History of the Latino Art Now! Conference
The Latino Art Now! Conference was first held in New York in 2005 as the Assessment and Valuation of Puerto Rican, Chicano, Latino and Hispanic-American Art Symposium. The initial gathering was sponsored by the Appraisers Association of American, the Center for Puerto Rican Studies, and the Inter-University Program for Latino Research (IUPLR) and focused on appraising Puerto Rican, Chicano, Cuban, Dominican, and other Latino/a Fine Art, to draw critical attention to Latino/a artists considered to be working outside the mainstream Latin American art world.
In 2008, as a response to processes of globalization impinged on the contemporary art world, the conference considered the decade of 2000 as one of demographic transition and shifting cultural paradigms in the United States. The growth of native born citizens, Latinos now constitute the largest ethnic group in our society, but as the conference organizers observed, the creative expression of the Latino imaginations were not being recognized, valorized, and integrated into mainstream narratives of American art.
The name of Latino Art Now! (LAN) was adopted by IUPLR as a moniker for the series of conferences that have ensued since. LAN has evolved into the leading national forum for artists, art professionals, educators, scholars, critics, and art dealers to periodically explore the contours of Latino art, its future directions, and its relationship to contemporary American visual culture. As such, the conference seeks to advance understanding, awareness and education of the value of Latino art as integral to American art and visual culture.
In the initial series, LAN explored the historical evolution of Latino art; the artistic manifestations of specific geographical areas: the Caribbean, Central American, South America, and U.S. Latino/a artistic expression and their inter-relations with North American visual culture; critical evaluation of the production of individual artists and artists’ groups; the U.S. Latino art infrastructure (community-based cultural organizations, culturally-specific museums, publications, teaching and training); theoretical and cultural framework in the presentation/reception of Latino art and media; and Latino art in the global context.
By early 2010 a larger number of exhibitions of Latino artists in museums and galleries worldwide were being held. There was also an increase in the publication of catalogs, books and online resources. The development of long term projects to recover and publish key primary sources and writings of artists were under way as well as the continued institutionalization of the field in academia with more institutions now granting M.A. and Ph.D. art history degrees in Latino Art. A presence of specialized art galleries catering to an ever expanding clientele composed of institutional, corporate and private collectors was complemented with the Commission to study the potential creation of the National Museum of the American Latino in Washington DC. Reflecting on the substantial growth of the emerging field in the previous five years Latino Art Now! The New Wave / La Nueva Ola was held in Los Angeles.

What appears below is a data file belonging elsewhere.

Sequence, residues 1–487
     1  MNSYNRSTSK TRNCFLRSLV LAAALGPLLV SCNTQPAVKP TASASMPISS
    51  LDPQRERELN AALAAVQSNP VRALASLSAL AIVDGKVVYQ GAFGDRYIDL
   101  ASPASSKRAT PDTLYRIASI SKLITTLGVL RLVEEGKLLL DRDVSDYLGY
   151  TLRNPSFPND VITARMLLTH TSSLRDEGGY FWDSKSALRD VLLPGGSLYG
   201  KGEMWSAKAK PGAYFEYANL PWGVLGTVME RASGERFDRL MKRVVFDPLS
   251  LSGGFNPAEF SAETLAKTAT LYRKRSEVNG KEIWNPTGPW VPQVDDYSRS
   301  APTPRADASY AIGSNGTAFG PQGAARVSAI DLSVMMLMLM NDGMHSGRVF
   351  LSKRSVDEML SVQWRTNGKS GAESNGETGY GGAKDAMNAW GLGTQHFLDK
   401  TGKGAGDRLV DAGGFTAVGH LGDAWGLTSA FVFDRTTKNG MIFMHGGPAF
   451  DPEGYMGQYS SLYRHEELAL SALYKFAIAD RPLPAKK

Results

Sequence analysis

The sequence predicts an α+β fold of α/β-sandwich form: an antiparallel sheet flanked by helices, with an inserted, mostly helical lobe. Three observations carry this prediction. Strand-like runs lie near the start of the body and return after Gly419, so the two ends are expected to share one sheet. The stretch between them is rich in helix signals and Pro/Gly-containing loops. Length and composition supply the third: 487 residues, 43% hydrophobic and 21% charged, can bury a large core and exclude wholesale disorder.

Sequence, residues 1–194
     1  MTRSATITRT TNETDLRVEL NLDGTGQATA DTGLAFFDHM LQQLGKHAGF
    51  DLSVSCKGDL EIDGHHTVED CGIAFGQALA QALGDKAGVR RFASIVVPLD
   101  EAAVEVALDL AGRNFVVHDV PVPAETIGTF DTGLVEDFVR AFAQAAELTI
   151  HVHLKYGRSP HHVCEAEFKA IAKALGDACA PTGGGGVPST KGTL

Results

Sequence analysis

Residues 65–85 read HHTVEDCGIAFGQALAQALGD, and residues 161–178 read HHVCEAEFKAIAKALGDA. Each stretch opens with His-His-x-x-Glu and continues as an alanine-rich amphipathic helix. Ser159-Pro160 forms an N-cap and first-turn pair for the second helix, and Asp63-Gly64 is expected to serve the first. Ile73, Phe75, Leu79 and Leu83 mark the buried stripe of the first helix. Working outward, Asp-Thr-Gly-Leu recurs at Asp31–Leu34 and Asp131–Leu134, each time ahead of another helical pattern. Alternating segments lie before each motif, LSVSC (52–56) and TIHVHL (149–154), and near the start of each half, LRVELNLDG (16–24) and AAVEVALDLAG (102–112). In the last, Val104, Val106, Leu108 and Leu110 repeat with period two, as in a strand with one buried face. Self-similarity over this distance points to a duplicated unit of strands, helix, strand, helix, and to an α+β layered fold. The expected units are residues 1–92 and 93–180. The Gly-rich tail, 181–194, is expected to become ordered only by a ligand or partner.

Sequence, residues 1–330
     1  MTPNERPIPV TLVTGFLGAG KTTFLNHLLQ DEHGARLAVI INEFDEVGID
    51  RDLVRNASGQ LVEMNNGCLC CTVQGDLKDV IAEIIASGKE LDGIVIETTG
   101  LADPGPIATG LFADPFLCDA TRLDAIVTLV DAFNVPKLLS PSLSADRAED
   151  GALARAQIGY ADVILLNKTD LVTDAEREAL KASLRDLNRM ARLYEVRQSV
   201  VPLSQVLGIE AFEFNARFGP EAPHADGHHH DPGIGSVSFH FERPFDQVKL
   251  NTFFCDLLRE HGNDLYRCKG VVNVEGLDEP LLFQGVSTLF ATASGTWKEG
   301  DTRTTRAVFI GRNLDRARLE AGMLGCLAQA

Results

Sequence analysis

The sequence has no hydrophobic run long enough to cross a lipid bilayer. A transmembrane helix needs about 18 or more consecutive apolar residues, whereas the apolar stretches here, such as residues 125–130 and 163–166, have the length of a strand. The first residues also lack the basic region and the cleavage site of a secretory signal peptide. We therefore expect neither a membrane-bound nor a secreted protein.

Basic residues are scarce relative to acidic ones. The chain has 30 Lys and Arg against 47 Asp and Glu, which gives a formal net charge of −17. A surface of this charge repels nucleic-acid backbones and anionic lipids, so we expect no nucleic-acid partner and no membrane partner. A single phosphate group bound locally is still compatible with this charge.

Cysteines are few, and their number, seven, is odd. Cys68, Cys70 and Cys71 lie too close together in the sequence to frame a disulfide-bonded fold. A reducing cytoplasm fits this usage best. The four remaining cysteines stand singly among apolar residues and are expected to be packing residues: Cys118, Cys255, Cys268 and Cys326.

In 2013, LAN made it to Washington DC to the Smithsonian American Art Museum where it explored a new global moment in the internationalization of American art. The LAN conference Nuestra América: Expanding Perspectives in American Art questioned the extent of developments contributing to a wider, more comprehensive, global American art. It posed questions about the presence of Latinidad in American art in theoretical and methodological approaches; the presentation of Latino art in mainstream and culturally-specific museums; and given continuing demographic changes; asking how communities of Latino artists and art collectives shaped the current narrative; and in established communities, how their pre-1960 production was being re-assessed?
For the most part missing from the Latino art narrative and canons, the Midwest and Chicago was the site of the fifth conference to explore new perspectives on the transnational and global contexts of many Latino artists. The underlying tenet was the question if Latino art activity could be mapped within a larger transnational, hemispheric, and global context and discourse. New topics and themes were considered such as the global networks and intersections between Latin American and Latino art; artist’s artivisms and social practices; digital interventions; the city as site and source, queer Geographies of Latino Art, and art as an economic stimulus. For the first time, the conference featured a three month-long celebration of Latino art—The Spring of Latino where more than 60 local museums, galleries, cultural centers join in presenting Latino art and artists.
Scheduled for Houston in April 2019, the new edition of the Latino Art Now! Conference with the theme of Sight Lines and Time Frames will explore Houston’s and the nation’s vibrant contemporary art scene from the perspective that Latino art is an evolving notion traversing multiple generations and varying historical and social contexts. More than twenty museums, galleries and cultural centers have signed to join in the Spring of Latino in Houston, Texas.